A day in the life of a Wildlife Trust reserves officer
Across Hampshire & the Isle of Wight, the Wildlife Trust manage over 60 nature reserves. These precious sites are sanctuaries for some wonderful wildlife, including many endangered species.
The charity’s vital conservation work to help nature’s recovery is only possible thanks to the support of its loyal members, devoted volunteers and dedicated staff.
One of those staff members is Sam Martin, an assistant reserves officer who cares for several reserves in the Winchester area, including Hockley Meadows Nature Reserve. Here, he describes how he got into conservation, what his job entails and the best and most challenging parts of his role.
“I joined Hampshire & Isle of Wight Wildlife Trust on a trainee programme four years ago. Before that I was grinding as a waiter while studying for a degree in Environmental Management at the University of Reading. After graduating I pursued as many volunteering opportunities as possible, many of which with the Wildlife Trust, and eventually a job became available.
My responsibilities include managing teams of volunteers, carrying out habitat management, caring for our grazing animals (native cattle, sheep and New Forest ponies), doing species surveys, leading guided walks and talks for the public, and acting as a warden at our nature reserves.
Usually, I’ll leave my home in Southampton at 7.45am and commute to our base in Winchester. One of the great things about my job is it’s super varied depending on the time of year – a typical day as a reserves officer doesn’t really exist.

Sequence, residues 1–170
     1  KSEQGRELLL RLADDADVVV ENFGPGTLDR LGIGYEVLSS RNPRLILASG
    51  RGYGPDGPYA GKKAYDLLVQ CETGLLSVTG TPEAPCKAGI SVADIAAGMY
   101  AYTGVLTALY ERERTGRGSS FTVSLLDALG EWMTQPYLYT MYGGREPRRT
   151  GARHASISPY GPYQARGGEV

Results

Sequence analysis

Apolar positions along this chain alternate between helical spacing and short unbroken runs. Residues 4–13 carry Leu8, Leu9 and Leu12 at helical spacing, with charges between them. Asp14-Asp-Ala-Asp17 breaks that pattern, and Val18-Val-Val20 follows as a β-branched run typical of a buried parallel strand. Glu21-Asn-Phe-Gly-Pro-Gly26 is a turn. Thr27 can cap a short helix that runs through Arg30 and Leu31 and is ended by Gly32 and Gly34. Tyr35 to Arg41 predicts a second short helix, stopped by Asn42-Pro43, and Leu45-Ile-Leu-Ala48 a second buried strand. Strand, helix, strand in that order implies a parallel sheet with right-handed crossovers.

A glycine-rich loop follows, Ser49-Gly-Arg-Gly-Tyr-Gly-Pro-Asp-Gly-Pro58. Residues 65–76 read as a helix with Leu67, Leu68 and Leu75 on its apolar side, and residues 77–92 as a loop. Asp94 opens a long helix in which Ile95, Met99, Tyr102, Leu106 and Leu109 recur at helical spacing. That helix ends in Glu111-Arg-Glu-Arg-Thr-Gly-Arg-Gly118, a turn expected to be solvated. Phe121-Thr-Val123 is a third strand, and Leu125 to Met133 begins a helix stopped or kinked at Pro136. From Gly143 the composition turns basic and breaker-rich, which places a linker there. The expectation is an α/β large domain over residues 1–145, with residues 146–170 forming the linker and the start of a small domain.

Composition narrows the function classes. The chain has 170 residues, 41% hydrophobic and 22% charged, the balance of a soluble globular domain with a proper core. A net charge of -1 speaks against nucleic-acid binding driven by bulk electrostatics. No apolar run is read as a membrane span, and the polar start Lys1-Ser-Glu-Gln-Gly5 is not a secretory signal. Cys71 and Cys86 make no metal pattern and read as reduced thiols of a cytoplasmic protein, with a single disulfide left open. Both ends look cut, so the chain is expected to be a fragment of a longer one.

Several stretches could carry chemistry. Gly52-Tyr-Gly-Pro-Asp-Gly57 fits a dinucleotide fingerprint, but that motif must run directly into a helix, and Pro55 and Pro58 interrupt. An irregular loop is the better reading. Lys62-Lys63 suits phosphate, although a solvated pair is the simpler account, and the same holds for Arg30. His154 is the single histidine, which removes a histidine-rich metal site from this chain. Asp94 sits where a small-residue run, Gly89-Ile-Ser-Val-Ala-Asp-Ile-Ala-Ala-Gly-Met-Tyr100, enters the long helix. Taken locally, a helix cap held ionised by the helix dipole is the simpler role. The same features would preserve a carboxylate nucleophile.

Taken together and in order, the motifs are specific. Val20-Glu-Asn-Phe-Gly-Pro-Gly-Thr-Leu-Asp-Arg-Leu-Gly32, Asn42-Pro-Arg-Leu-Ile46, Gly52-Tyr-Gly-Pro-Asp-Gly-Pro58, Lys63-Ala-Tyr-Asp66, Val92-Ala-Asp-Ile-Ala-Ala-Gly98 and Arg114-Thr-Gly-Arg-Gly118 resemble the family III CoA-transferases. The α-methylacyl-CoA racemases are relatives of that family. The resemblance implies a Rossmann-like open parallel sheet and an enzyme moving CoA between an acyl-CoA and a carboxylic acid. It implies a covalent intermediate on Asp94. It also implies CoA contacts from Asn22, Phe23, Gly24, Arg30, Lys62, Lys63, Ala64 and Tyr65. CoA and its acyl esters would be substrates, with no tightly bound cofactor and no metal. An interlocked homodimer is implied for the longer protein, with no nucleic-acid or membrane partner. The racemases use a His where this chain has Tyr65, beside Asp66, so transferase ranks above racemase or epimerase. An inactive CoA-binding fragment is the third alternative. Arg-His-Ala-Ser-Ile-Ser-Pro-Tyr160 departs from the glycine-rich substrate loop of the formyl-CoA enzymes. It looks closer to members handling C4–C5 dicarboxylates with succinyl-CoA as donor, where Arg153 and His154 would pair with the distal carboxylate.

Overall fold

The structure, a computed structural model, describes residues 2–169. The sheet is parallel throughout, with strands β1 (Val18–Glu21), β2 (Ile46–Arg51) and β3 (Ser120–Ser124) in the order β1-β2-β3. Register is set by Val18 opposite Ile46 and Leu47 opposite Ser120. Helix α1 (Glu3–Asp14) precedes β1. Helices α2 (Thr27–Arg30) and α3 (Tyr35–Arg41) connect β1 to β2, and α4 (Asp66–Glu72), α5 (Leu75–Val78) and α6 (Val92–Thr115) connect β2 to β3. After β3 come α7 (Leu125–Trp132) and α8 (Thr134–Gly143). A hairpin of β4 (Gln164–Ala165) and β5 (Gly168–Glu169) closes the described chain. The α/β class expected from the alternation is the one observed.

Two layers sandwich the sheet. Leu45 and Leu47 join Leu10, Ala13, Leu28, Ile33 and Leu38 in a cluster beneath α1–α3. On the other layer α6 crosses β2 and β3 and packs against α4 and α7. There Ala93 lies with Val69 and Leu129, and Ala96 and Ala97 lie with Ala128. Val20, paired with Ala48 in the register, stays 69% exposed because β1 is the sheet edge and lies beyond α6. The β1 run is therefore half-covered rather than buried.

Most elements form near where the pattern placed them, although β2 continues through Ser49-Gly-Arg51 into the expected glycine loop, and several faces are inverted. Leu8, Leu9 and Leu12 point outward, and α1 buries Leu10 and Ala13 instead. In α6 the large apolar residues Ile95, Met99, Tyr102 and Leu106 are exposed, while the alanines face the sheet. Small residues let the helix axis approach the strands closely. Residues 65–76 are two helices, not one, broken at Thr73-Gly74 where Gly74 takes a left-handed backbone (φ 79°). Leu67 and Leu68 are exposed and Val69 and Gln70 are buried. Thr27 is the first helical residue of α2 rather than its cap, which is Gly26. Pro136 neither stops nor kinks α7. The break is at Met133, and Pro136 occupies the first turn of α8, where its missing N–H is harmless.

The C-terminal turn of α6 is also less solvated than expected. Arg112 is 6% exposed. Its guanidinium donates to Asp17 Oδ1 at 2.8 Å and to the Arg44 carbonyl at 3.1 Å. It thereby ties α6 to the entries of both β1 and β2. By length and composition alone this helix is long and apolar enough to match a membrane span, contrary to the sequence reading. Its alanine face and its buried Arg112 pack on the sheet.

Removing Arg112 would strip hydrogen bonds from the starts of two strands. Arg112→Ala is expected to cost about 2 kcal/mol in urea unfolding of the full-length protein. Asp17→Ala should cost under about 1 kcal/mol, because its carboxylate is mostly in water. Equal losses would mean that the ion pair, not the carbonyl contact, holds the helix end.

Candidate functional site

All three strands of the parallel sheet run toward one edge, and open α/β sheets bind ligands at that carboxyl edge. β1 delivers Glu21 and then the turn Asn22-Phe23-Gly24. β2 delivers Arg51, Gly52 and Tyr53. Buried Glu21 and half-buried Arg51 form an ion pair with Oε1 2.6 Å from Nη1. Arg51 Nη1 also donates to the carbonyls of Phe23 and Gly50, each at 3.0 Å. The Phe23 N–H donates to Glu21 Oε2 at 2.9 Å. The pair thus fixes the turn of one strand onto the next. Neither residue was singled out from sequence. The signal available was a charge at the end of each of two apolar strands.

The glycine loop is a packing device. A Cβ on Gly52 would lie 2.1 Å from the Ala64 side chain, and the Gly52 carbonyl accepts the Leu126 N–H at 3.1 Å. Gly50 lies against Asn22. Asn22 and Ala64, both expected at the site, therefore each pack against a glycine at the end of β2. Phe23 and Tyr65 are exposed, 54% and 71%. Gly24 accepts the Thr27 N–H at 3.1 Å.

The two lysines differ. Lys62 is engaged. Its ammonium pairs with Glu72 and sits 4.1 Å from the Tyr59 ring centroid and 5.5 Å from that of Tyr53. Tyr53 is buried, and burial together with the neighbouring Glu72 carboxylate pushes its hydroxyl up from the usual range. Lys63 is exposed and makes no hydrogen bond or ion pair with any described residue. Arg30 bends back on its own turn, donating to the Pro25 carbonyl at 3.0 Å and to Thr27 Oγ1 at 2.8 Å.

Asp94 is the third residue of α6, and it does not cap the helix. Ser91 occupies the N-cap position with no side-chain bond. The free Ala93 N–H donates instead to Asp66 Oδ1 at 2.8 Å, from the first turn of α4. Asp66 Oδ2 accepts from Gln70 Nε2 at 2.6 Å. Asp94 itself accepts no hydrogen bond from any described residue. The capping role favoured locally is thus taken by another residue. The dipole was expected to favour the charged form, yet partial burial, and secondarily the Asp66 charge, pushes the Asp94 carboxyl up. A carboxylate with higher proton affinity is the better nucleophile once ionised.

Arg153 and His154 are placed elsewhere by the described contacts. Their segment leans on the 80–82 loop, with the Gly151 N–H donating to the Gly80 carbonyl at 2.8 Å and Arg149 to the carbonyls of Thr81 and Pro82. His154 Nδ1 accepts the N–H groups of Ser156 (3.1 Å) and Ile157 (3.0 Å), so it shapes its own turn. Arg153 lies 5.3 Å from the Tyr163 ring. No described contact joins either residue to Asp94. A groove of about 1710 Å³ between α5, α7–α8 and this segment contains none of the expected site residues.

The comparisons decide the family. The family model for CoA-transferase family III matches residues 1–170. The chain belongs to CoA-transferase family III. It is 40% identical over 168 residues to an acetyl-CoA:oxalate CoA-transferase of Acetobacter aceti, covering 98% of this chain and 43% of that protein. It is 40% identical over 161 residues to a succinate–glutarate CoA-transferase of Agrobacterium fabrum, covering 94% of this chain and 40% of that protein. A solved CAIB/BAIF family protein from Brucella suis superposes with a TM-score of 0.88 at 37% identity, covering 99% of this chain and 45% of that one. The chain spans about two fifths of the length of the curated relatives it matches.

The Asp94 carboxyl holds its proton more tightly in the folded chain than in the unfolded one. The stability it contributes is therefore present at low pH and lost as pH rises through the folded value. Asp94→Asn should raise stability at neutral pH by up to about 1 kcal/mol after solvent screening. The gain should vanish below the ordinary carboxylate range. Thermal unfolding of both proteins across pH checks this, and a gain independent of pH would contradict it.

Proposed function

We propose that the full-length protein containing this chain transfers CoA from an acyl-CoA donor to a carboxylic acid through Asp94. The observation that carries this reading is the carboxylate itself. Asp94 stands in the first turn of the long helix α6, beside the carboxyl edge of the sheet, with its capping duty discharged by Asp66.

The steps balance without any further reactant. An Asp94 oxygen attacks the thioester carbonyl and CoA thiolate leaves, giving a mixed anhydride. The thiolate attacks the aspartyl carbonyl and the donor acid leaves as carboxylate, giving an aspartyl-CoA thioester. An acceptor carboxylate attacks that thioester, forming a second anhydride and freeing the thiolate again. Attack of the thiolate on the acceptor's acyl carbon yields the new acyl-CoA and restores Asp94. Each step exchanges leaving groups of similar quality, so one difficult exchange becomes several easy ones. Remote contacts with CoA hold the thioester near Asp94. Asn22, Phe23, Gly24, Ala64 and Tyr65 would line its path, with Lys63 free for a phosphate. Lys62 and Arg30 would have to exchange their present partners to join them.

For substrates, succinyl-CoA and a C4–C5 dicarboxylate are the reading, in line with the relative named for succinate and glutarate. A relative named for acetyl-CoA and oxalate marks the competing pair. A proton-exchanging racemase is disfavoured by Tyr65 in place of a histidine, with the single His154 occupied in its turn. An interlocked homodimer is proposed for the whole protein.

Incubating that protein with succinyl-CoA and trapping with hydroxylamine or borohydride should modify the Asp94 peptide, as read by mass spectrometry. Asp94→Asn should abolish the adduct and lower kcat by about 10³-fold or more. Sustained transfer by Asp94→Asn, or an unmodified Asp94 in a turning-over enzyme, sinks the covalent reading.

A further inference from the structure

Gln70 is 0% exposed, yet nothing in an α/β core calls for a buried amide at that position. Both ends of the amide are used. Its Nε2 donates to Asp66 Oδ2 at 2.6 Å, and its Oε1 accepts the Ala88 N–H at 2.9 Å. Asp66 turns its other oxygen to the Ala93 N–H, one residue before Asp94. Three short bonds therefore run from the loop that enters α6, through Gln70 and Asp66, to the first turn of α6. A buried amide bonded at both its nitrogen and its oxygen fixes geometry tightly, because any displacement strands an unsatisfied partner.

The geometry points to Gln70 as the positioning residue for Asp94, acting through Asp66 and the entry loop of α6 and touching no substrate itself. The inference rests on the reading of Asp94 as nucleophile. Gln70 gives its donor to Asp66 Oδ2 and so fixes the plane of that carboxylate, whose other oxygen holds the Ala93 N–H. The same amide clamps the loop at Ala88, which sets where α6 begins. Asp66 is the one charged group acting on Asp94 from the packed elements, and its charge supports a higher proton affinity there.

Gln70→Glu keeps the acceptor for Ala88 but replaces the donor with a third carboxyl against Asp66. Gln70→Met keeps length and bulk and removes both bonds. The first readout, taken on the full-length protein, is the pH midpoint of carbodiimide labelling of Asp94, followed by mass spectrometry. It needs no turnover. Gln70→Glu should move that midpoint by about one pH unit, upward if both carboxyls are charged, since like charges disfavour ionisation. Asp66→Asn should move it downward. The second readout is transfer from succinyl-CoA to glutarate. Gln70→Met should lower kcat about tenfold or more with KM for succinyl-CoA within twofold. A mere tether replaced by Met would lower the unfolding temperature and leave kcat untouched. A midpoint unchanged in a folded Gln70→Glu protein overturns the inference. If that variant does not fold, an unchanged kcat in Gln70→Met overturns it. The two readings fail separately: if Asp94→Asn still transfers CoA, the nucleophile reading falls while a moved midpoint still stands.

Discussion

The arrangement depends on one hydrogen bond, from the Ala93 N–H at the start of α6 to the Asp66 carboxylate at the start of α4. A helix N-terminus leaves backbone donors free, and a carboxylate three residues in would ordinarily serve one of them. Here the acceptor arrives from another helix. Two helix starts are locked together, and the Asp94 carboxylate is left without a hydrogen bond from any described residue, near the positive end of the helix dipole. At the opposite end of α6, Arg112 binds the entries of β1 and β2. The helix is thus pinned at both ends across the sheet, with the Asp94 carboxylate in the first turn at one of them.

During summer, for example, I’m carrying out lots of species surveys, warden duties and tractor operations. Moving into autumn and winter, I’ll be clearing scrub and felling trees to improve our special chalk downland and fen habitats. Then, in spring, I’ll be involved with fence building and other infrastructure works.
I generally try to head off by 4.30pm, which lets me beat the traffic and gives me time to catch up on some admin tasks, like emails, at home on the laptop.
The part of my job I really like is working with our amazing volunteers, especially on practical tasks like fencing, which are great team building exercises. Being around our British white cattle is always a joy too – they have great characters!
I’m also incredibly lucky to see some awesome wildlife. I remember staying late one evening with a colleague to treat a lame cow; the sun had almost set and the sky had a dull glow, and we felt a presence nearby – we looked up and a barn owl was effortlessly gliding above hunting for small mammals.
In terms of challenges, weather is the main one as I work outdoors most of the time – the best-laid plans can go out the window if there’s high rainfall, soaring temperatures or strong wind. As a reserves team we’ve not yet sussed out how to control the weather!”
To find out more about local wildlife that Hampshire & Isle of Wight Wildlife Trust are working to protect visit https://www.hiwwt.org.uk